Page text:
Finally, there’s a very knotty problem that generally escapes broad scrutiny. Two of the leading candidates for the Vice-Presidency – Warren and Minnesota's Amy Klobuchar – are sitting Senators. If either were to resign to become V.P., it would put a safely Democratic Senate seat at risk at a moment in time when the Democrats are straining, struggling, and desperately stretching to eke out a majority in the Senate, thereby ending the death grip that Mitch McConnell wields over any and every action in the Senate. It is an absolutely crucial issue.
Warren represents a state with a Republican governor. This means that if Warren resigns her Senate seat to become Vice President, the Republican governor has the power to – and most certainly will -- name a Republican to take her place. Dems then have to hope they would win the seat back in a special election. So you think that’s a pretty safe assumption in deep blue Massachusetts? I have two words for you: Scott Brown. In a year in which Democrats must fight tooth and nail to achieve the tiniest sliver of a majority in the Senate, taking a risk by abdicating an existing seat seems exceedingly dangerous.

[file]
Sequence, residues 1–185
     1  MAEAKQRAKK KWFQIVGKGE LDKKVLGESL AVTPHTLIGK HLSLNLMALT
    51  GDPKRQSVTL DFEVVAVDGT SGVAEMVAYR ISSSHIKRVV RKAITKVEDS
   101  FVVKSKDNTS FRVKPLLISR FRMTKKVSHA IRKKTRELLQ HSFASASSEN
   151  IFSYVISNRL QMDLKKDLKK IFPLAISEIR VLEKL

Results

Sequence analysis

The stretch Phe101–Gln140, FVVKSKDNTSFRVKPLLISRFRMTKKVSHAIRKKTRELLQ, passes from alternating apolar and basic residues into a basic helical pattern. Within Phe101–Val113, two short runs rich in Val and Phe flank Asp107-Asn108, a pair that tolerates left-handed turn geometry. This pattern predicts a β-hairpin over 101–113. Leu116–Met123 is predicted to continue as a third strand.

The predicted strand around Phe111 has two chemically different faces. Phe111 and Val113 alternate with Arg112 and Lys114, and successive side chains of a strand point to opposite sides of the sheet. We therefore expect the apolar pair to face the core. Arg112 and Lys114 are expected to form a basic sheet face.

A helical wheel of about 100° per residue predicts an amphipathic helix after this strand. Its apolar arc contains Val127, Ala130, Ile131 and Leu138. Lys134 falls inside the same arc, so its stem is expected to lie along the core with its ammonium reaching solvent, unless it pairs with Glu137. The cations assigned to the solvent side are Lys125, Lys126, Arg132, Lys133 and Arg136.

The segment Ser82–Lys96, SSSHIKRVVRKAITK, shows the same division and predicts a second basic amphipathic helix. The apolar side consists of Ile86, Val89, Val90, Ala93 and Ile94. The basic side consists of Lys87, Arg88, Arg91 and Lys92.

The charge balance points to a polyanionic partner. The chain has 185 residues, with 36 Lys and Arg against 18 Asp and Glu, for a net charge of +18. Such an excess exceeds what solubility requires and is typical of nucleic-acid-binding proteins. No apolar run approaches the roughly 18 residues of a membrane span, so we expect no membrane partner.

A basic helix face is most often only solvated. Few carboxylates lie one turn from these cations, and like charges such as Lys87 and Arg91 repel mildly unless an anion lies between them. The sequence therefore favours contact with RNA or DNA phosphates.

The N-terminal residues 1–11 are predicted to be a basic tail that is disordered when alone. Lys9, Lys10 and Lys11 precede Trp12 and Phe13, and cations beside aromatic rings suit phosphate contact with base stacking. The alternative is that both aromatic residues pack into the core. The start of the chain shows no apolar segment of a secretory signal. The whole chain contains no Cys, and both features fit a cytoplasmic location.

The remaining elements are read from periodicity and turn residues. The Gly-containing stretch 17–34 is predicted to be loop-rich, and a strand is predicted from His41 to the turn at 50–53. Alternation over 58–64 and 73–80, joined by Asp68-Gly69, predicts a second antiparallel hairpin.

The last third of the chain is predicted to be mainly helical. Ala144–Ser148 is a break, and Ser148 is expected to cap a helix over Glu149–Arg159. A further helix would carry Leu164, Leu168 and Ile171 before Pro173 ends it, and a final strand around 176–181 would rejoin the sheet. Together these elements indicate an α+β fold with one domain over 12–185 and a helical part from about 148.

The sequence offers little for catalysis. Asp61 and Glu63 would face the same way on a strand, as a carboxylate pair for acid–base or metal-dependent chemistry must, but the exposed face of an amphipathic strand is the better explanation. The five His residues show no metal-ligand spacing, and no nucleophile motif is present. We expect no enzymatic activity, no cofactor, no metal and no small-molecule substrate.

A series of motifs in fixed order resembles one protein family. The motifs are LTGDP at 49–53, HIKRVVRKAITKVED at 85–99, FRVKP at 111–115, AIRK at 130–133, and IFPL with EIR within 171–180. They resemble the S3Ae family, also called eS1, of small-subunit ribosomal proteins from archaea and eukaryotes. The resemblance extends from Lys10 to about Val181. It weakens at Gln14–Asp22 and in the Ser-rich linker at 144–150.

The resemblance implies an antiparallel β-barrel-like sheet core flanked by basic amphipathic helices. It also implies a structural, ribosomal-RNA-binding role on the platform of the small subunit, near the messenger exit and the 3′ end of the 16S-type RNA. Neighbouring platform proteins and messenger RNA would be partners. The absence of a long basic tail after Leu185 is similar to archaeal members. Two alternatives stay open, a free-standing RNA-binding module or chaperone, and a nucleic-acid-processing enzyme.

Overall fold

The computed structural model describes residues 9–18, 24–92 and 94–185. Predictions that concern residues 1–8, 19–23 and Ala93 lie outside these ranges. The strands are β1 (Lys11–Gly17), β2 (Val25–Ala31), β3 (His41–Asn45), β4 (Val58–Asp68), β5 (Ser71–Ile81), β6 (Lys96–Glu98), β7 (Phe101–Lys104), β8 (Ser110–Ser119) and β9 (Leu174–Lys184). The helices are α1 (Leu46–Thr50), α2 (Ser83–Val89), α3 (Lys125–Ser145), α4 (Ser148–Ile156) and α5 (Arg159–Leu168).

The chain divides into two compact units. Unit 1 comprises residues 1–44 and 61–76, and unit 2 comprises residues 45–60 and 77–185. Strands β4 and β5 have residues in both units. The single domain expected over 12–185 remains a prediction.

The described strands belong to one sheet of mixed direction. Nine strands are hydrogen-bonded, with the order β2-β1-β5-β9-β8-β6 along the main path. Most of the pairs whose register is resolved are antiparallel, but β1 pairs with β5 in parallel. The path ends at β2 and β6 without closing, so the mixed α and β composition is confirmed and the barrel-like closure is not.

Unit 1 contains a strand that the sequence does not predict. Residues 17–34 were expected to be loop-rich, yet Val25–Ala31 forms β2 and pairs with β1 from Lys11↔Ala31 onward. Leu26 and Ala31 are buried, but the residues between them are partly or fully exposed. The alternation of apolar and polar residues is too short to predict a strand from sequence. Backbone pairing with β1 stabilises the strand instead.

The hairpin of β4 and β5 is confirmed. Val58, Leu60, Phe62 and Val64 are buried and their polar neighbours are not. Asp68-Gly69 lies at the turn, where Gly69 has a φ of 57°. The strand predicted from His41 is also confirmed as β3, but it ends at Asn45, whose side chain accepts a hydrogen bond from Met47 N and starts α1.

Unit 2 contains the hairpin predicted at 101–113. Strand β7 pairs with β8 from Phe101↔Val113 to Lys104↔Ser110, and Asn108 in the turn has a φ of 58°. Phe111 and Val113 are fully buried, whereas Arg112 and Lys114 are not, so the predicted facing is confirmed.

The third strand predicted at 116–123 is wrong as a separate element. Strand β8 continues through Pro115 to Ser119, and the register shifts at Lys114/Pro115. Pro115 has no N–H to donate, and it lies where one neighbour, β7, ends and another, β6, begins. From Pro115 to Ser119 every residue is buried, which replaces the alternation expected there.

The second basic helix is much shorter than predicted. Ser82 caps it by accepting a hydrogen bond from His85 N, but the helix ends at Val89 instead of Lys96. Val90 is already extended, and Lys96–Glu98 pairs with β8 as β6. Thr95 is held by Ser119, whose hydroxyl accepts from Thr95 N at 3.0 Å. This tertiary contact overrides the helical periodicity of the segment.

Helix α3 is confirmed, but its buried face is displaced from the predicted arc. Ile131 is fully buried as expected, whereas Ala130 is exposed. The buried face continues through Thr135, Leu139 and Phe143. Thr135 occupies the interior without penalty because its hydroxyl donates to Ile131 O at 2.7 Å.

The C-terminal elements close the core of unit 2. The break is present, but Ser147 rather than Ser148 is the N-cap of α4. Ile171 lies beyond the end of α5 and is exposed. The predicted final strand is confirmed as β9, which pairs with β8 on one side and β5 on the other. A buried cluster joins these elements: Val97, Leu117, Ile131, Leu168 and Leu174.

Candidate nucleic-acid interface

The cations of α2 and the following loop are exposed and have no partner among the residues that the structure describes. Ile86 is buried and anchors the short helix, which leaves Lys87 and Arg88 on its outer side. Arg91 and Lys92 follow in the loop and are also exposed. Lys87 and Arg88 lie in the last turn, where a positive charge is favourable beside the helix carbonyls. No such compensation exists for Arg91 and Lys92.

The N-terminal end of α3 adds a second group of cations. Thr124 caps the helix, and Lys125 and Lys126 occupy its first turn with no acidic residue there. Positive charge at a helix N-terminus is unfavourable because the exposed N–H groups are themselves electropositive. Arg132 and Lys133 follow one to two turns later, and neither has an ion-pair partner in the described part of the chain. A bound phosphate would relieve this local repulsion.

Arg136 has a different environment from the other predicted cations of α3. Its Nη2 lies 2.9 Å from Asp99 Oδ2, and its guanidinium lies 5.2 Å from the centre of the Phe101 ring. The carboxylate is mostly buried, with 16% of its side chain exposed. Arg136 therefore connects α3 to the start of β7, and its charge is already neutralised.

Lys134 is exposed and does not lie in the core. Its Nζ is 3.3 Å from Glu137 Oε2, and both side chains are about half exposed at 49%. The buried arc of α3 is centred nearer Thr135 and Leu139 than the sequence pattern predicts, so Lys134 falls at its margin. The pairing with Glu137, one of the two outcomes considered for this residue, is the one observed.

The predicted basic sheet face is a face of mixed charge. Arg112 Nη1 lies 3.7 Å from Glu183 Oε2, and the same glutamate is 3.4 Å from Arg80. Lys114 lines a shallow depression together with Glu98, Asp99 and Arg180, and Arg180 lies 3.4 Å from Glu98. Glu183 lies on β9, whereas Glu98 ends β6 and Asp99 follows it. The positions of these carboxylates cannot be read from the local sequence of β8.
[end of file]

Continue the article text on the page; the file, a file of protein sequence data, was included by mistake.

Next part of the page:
So there you have it. All Biden needs to do is find a young but deeply experienced African American woman with world class bona fides among progressives with whom Joe Biden feels a strong professional chemistry, and who is not a sitting senator in a state with a Republican Governor.
Woah. Suddenly, that’s a very tall order indeed.
Still, even with these stringent requirements, there are candidates that jump to mind.
Those of you who favor Kamala Harris have plenty of company. She’d be an excellent choice. There are rumors, however, that Jill Biden remains angry at the way Harris kneecapped her husband in an early debate with an orchestrated cheap shot about Biden’s record on busing 45 years ago. (Remember what we said about the importance Biden places on chemistry!) Others would be quick to point out that Harris herself was not a particularly effective candidate, as she was forced to drop out quite early in the race despite bringing major credentials, national standing, a powerful personal narrative, and California’s vast fundraising potential to the task. Final note: the Democrats own California. It is not like Kamala Harris is going to tilt a purple state blue.
Ah, not so easy, is it?
Stacey Abrams is a dynamic, charismatic African American woman from a purple state, but her highest level of government service was her six years as minority leader of the Georgia House of Representatives. Tough to characterize that as ready to step into the Oval Office on day one.